Commercial vehicle industry expects stronger growth in 2022-23 amid signs of caution 

G Balachandar | | Updated on: Apr 13, 2022

Fleet of Freight Transportation isolated on white background. 3D render | Photo Credit: Nerthuz

Sales continue to climb on infrastructure development


The Indian commercial vehicle industry is sticking with its optimistic growth projections for the current fiscal given favourable growth drivers despite fuel inflation, chip shortages and geopolitical issues. 

CV industry’s growth in 2021-22 was supported by increased activity in road construction, mining and improved infrastructure spending by the Central and State Governments apart from the boom in the e-commerce sector.  

All leading players such as Tata Motors, Ashok Leyland, VE Commercial Vehicles (VECV) and Daimler India Commercial Vehicles (DICV) reported a significant growth in their truck sales for FY22. 

Buses, trucks

“The CV industry is on a recovery path with the industry selling 6,64,009 units in FY22, which is 26% higher than the 5,26,073 units sold in FY2021. In the truck segment, this was supported by replacement demand, recovery in economic activity and government spending on infrastructure. In the bus segment, growth was supported by the re-opening of schools and offices and the gradual return to normalcy after the pandemic,” said Vinod Aggarwal, MD& CEO of VE Commercial Vehicles told BusinessLine. 

The medium and heavy commercial vehicle sales witnessed strong double-digit growth, driven by pick-up in fleet utilisation levels led by increased economic and infrastructural activities. Tata, Ashok Leyland & VECV reported growth in the range of 42 to 51 per cent in their M&HCV sales. Intermediate commercial vehicle volumes also grew in double digits with a shift to more CNG-powered vehicles, driven by the e-commerce sector. The small commercial vehicle segment reported a single-digit growth as chip shortages caused some production issues.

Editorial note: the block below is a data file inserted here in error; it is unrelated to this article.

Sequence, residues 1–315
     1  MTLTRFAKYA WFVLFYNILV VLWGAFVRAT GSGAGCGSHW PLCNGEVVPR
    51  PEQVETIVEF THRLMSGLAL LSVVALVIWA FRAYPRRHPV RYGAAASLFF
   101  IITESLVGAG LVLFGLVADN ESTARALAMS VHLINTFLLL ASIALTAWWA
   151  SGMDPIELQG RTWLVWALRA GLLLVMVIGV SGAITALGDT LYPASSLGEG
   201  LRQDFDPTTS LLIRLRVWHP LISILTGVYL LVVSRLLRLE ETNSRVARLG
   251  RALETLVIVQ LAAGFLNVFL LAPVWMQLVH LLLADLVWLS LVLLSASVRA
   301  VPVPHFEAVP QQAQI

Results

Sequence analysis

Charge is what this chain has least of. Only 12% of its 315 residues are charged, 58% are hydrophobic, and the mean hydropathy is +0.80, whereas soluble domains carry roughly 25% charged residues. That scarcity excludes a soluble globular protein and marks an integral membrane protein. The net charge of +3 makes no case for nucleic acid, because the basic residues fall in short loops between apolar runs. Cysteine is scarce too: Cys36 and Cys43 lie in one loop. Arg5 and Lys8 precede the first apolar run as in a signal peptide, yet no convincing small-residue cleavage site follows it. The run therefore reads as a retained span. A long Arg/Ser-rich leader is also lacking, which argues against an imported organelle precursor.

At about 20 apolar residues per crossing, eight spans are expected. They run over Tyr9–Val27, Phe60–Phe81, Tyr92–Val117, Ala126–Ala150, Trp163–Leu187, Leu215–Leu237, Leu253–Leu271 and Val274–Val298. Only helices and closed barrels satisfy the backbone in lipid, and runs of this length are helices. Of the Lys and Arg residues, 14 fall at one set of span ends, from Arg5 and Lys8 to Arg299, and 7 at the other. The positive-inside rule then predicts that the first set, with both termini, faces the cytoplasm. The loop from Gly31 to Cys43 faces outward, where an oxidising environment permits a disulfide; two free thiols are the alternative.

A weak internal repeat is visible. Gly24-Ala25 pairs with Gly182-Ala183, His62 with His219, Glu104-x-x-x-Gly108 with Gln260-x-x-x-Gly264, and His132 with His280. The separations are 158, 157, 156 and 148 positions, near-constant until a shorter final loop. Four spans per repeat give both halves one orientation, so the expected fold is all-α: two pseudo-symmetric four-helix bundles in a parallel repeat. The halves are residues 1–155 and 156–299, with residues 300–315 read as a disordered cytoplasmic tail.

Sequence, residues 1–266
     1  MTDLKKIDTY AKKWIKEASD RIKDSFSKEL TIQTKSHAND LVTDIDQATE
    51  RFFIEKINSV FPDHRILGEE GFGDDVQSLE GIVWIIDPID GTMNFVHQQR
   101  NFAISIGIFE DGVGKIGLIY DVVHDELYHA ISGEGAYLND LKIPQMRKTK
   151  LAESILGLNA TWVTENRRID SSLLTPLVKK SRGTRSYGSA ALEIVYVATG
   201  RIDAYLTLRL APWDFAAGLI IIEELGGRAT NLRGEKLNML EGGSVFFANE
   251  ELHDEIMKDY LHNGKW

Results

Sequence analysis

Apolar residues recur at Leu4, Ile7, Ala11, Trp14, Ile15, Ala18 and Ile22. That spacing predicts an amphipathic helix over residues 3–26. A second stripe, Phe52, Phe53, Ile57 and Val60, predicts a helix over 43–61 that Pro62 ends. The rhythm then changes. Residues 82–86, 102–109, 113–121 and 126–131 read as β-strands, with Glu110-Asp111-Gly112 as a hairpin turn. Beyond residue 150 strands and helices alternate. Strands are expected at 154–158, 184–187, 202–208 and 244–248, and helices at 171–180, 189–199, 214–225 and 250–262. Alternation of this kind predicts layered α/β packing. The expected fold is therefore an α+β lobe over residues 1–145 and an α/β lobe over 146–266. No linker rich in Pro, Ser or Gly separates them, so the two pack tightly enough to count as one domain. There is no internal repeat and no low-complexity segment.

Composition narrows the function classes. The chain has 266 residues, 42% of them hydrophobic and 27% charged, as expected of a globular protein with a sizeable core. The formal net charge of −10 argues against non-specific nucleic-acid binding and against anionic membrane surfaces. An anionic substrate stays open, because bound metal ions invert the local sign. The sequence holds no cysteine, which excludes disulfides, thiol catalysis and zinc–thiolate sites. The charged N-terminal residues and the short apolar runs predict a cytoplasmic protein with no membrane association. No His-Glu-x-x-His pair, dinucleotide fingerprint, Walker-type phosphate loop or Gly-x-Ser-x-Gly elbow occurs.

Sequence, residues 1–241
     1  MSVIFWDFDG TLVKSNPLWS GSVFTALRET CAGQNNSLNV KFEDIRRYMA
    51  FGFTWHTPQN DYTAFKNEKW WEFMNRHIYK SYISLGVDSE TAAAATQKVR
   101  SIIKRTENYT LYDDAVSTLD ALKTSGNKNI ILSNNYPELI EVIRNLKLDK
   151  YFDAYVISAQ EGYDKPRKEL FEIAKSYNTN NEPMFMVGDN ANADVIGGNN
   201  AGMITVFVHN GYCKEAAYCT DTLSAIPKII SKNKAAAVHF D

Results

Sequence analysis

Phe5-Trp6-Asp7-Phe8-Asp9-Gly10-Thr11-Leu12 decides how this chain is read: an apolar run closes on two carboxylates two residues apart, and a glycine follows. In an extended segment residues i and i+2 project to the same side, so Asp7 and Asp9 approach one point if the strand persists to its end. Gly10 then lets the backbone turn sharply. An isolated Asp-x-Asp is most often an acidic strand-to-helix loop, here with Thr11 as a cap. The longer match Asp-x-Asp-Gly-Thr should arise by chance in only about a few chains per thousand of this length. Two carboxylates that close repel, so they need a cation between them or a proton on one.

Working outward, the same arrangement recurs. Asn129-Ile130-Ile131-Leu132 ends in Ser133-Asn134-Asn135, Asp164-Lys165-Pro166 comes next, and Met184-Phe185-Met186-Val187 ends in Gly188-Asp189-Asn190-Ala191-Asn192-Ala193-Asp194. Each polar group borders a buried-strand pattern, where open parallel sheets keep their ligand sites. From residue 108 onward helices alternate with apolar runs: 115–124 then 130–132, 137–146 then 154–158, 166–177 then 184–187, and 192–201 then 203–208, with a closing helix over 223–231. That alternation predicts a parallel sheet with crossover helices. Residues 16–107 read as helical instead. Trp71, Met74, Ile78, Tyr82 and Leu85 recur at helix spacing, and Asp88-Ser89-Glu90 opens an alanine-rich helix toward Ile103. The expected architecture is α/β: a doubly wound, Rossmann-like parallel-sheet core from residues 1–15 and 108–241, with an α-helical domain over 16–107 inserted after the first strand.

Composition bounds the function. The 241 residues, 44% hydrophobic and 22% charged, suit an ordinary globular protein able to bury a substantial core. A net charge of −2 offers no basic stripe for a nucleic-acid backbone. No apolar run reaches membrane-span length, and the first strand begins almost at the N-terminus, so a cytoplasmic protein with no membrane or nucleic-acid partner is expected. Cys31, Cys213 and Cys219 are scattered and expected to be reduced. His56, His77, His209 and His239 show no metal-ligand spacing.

“As far as FY22 is concerned, industry performance was fairly positive.  The commercial vehicle industry performed far better than the passenger vehicles industry. This barometer shows that the economy was making its way through while there were operational challenges across sectors, said Satyakam Arya, MD & CEO, DICV,  adding “but, we couldn’t have called this normal. Normalcy is yet to come from a business point of view and this we are expecting sometime in the latter half of FY23. The industry is still tackling constraints and this requires a finite solution. 

Market confidence

The last two quarters of FY22 brought a real change in the business environment—the confidence was back in the market. Business-related to haulage, trailers and tippers saw a slowdown but ICVs were much in business given that this segment is directly linked to consumers. But now, these segments are on an upward trend with resumed infrastructural and logistical activities gaining prominence. 

“We experienced that at DICV as 2021 was a recovery year for us and we marched with great confidence into 2022, said, Arya. 

Semiconductor shortage

But the industry will need to tread with caution due to certain prevailing challenges. The shortage of semiconductors is likely to be a challenge for a few more months. However, increased thrust on infrastructure and rural development by the Central Government is likely to drive demand in the CV industry. But, soaring fuel prices along with a spike in commodity prices may play a spoilsport. 

“Much has already been said about semi-conductor shortages. The industry has been coping by adopting alternative measures and we anticipate this to resolve in the coming quarters. Commodity and diesel prices have gone up significantly in the past few months for various reasons. Given the strong underlying growth in GDP, we expect these costs will be transferred to the end customer through higher freight rates,” said Aggarwal. 

Published on April 12, 2022
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